Stanford Magazine: BlackPlanet’s Universe

March 1st, 2004

Stanford Magazine
BlackPlanet’s Universe

The website is a place to find jobs, political debates, even dates. Oh, and it makes money.

BY Cate T. Corcoran

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The ping-pong table in the dot-com’s breakroom is kind of disconcerting. So is the building, a converted loft with sweeping sixth-floor views of the Hudson River and the West Village. Uh, this is 2004, right? Not 1999?

Welcome to the offices of, a community website for African-Americans that has confounded expectations by not only staying in business, but turning a profit. “We put a human face on the web for the black community,” says executive director Omar Wasow, ’92.

BlackPlanet has the highest traffic of any black-oriented site on the web, and it is the largest of a trio of ethnic community sites run by Community Connect of New York City. (The others are and BlackPlanet started as a place to post personal web pages, then added matchmaking and, more recently, job postings. It also includes news of interest to the African-American community, opinion polls and discussions about political and social issues.

BlackPlanet has high visibility and recognition among African-Americans. “If I were to ask five black people my age if they’d heard of BlackPlanet, two of them would be on it, and at least three out of the five would know about it,” says Qabbani Goodwyn, a 30-year-old lending consultant from Windsor Mill, Md., who met his wife on the site.

At one level, BlackPlanet functions as a watercooler. Police brutality, racial profiling and the untimely death of R&B singer Aaliyah have been hot topics. A recent message-board post asking, “Who will step up to be our next black leader in the new century?” garnered more than 3,000 responses.

It’s the matchmaking section of the site, though, that gets the most love. Thousands of couples are dating offline at any given time. Several dozen have gotten hitched. “Where else is a 50-year-old black woman going to meet her husband?” asks Wasow. “Being able to date from a pool of people who share your experiences is much more likely to produce success.”

BlackPlanet’s broader mission is to strengthen the black community, Wasow says. “One reason the digital divide is smaller is that we’ve helped motivate African-Americans to become heavy users of the Internet.” BlackPlanet has about 10 million members, many of whom have learned HTML, the lingua franca of the web.

Indeed, the percentage of African-Americans online is growing, from 35 percent in 1999 to 42 percent in 2003. And BlackPlanet has the highest percentage of African-American visitors of any site on the Internet, according to Nielsen//NetRatings.

But BlackPlanet didn’t always look like a sure thing. When the site launched in 1999, it was a relative latecomer. Three similar sites aimed at African-Americans already existed, and they were backed by big media companies, including AOL. “Everybody assumed we were going to get crushed,” says Wasow.

Wasow attributes BlackPlanet’s success to the company’s underlying technology—homegrown software that lets users move seamlessly between personal pages, dating, chat and message boards—and its focus on connecting people to one another rather than feeding them content.

Membership on BlackPlanet is free, although some elect to pay $19.95 a month to see detailed dating profiles and find out who has sent them “crushes.” Community Connect makes most of its money from advertisers, and also charges corporations to view résumés from its diverse membership.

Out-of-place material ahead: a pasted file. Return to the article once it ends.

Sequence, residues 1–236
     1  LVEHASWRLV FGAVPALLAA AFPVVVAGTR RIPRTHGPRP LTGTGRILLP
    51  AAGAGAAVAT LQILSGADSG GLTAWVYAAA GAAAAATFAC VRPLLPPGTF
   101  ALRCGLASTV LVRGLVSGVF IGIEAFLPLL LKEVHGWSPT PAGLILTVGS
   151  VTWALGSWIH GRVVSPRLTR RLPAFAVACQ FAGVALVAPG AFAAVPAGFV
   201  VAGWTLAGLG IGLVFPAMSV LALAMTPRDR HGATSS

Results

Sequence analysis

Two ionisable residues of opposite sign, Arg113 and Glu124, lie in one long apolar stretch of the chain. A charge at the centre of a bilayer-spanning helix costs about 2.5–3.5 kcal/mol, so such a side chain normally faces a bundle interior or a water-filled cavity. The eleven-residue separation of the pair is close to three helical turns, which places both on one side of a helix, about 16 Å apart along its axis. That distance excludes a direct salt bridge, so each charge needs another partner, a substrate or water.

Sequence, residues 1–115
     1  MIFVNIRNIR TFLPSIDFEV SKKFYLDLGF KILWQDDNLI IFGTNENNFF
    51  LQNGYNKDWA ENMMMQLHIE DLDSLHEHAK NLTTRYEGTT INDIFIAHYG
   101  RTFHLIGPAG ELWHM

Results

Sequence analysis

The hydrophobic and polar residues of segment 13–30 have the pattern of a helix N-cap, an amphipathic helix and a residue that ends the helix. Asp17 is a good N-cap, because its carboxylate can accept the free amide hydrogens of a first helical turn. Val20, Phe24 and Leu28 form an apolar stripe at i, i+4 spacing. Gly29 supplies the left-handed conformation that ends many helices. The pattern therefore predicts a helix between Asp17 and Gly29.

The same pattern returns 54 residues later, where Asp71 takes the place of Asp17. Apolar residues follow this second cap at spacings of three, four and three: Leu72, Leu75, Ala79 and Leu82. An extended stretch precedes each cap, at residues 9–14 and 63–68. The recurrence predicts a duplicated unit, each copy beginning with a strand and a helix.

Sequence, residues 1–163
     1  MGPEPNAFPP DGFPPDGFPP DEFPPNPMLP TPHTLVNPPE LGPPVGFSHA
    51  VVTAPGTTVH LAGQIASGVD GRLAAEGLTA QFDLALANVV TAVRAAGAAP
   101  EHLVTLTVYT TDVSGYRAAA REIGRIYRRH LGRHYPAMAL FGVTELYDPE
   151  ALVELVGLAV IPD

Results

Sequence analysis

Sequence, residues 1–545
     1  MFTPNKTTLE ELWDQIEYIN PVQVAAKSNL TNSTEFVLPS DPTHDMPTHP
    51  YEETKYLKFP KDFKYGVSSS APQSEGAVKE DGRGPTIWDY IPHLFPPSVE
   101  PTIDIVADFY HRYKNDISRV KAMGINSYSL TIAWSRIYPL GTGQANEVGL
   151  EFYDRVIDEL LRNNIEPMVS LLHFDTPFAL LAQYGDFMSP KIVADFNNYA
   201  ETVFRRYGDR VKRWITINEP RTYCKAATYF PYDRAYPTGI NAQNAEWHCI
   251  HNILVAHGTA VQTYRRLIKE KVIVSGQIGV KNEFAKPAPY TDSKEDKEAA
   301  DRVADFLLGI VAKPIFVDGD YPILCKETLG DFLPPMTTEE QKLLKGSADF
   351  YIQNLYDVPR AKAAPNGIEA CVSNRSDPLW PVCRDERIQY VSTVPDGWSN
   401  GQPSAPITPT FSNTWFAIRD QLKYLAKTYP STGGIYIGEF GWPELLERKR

BlackPlanet was born out of a fortuitous meeting between Wasow and Community Connect’s president and CEO, Benjamin Sun. At the time, Wasow was running New York Online, an Internet service provider and pre-web community he had started in his Brooklyn living room in 1993. New York Online had a multicultural focus, but it had only about 1,000 users and was steamrolled by the emerging web. The company survived by building websites for magazines such as Vibe, Essence and Latino. It was at a meeting for one of those clients that Sun and Wasow met.

“I was blown away by what they were doing with AsianAvenue,” Wasow says. “It made sense to come on board” to launch BlackPlanet.

The son of civil rights activists, Wasow grew up in Greenwich Village. His father, who is Jewish, is an economics professor, and his mother, who is African-American, is an early childhood educator. Wasow has always been interested in the intersection between entrepreneurship and activism. His first job after college was as assistant director for a nonprofit that taught legal forms of entrepreneurship to ex-drug dealers. Now he’s a co-founder and president of the board of a charter school for poor children in Brooklyn. In his spare time, he serves as a technology correspondent for NBC and deejays once a month in a Brooklyn bar called Moe’s.

Wasow says he occasionally gets questions about whether BlackPlanet is fostering racial separatism. “Voluntarily socializing with people who share your interests is what freedom is all about,” he says. “Anybody can join any of the sites. We found we were not segregating the web. Members would come and hang out at BlackPlanet, then become more enthusiastic citizens of the web in general.”

Community Connect has 100 employees and has received a total of $22 million of venture capital, including a post-crash round of $2 million in 2002. There are no plans for an IPO or acquisition anytime soon, Wasow says. “We’re still relatively small and have to prove our worth a little longer.” But, he adds, “by 1999 standards, we’re a blue-chip company.”

CATE T. CORCORAN is a writer in New York.